How Different Types of Stereo Microscope Work


Stereo microscopes also called dissecting microscopes are widely used in educational environments and scientific labs. They are known for relatively low magnifying capacity and are used mainly to view whole objects. These microscopes are particularly useful for obtaining a view with 3-dimensional depth and clear view of the object surface. Technically speaking, stereo microscope consists of two different microscopes offering separate optical paths that are likely to focus on the same objective point from two little different angles. Consequently, the end result we obtain is a 3-dimensional stereo image. This 3-dimensional image of the object has many similarities with the same object depth we experience with our eyes but only with the difference of more clarity due to magnification.

Use of a stereo microscope

The 3-dimensional whole object image or stereo image produced by a stereo microscope is similar to the natural image perceived by our eyes. The same perception of depth can be experienced with such image as with natural viewing with the eyes.  

The only difference lies in the enhanced magnifying capacity provided by the stereomicroscope. Because of this natural view, the stereo image is ideal for laboratory applications where coordination between hand and eyes plays an important role. Moreover, as stereo microscopes perform viewing from a relatively larger working distance they offer enough space for manipulating tasks over the viewed objects. For instance, the distance ensured by stereo viewing let tasks like dissection to be performed with great ease.

Magnification in stereo microscopes

As we have already said, stereo microscopes offer relatively low magnification power, in most cases between 20x to 80x magnifying power. Though, some advanced level stereo microscopes can even offer magnification power as big as 300x capacity. The need for magnification depends on the type of object you are going to look at and scrutinize. Stereo microscopes generally come with one or several fixed magnification capacity. Some stereo microscopes also come with zoom magnification system offering zooming capacity to view objects from distance. Each different magnification type and systems have their own advantages and disadvantages and selection of your stereo microscope depend on your specific laboratory need.

The 3-dimensional viewing technology behind stereo microscope design

When seeing an object our brain and eyes function together producing an image with spatial depth. In this way whatever we observe surrounding us are viewed in spatial, three-dimensional images. The stereo microscope is basically designed keeping this natural viewing capacity of our eyes in mind. On an average, both eyes of human beings have a distance of 6.5cm between them. Each of the eyes has a little different viewpoint compared to the other. This makes viewing objects with spatial depth possible when the visual perception transmits the image to the brain. Basically, twin images of two different viewpoints are fused together to produce the single object image of spatial depth. This twin viewpoints and the resulting image is termed as a stereoscopic effect. Stereo microscopes are designed with this viewing logic.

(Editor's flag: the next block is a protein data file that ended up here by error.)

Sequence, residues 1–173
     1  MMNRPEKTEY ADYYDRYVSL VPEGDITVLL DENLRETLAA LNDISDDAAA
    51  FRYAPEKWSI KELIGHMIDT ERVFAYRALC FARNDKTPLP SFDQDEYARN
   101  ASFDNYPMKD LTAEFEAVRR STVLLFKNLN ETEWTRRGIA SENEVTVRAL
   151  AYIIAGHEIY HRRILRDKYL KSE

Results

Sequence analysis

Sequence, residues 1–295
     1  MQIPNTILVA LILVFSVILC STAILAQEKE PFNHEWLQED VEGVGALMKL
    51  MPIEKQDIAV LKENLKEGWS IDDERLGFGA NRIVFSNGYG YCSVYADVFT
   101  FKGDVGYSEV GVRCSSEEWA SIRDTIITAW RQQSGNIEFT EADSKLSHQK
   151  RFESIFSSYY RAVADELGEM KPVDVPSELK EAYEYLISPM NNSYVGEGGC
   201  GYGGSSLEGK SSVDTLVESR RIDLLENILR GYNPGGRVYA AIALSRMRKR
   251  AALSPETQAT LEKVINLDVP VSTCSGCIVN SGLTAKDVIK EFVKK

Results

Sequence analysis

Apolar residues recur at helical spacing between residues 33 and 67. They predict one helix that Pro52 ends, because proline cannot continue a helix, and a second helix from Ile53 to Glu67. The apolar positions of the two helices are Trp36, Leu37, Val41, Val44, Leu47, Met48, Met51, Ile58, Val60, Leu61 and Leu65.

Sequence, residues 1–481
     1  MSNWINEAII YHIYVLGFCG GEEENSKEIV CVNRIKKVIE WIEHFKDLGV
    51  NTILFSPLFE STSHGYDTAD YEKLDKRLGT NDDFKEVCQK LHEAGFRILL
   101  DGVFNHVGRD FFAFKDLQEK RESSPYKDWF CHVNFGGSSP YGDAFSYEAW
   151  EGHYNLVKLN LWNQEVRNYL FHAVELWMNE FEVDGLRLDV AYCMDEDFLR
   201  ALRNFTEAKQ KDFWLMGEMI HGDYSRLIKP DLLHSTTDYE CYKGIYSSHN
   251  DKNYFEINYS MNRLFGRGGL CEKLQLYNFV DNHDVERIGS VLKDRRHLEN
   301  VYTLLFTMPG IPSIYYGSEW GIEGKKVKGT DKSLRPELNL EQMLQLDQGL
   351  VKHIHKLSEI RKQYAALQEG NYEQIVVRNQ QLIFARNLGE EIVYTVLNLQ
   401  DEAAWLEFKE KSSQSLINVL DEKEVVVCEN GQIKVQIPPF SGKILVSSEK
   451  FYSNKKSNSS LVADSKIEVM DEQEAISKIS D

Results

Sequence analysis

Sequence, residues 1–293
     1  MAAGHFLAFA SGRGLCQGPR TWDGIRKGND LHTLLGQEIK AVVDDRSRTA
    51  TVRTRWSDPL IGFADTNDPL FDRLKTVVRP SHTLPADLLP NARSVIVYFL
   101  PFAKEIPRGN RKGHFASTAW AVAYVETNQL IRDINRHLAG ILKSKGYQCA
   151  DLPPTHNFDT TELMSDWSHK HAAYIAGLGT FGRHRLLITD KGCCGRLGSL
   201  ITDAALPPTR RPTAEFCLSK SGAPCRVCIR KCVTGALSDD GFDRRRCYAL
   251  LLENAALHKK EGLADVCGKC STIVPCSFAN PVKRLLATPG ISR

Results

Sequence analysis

Two types of modern stereomicroscope designs

Modern stereo microscopes can be categorized into two types of designs, namely, Greenough stereo microscopes and Common Main Objective (CMO) microscopes. While the first type utilizes twin body tubes for producing a stereoscopic effect in images, the second type of microscope uses a pair of eyepiece tubes and lens systems to produce a stereoscopic image.

When both these types of stereo microscopes are compared, CMO stereo microscopes come as a better alternative with better light gathering power. But both types have their own respective advantages in certain applications. Greenough stereo microscopes are best utilized for a detailed microscopic view such as inspection of the printed circuit board, dissecting of biological specimens, etc. Greenough stereo microscopes are also smaller in size, less expensive and easy to use. CMO stereo microscopes are used for complex microscopic applications that require higher illumination and resolution for optimum viewing quality.

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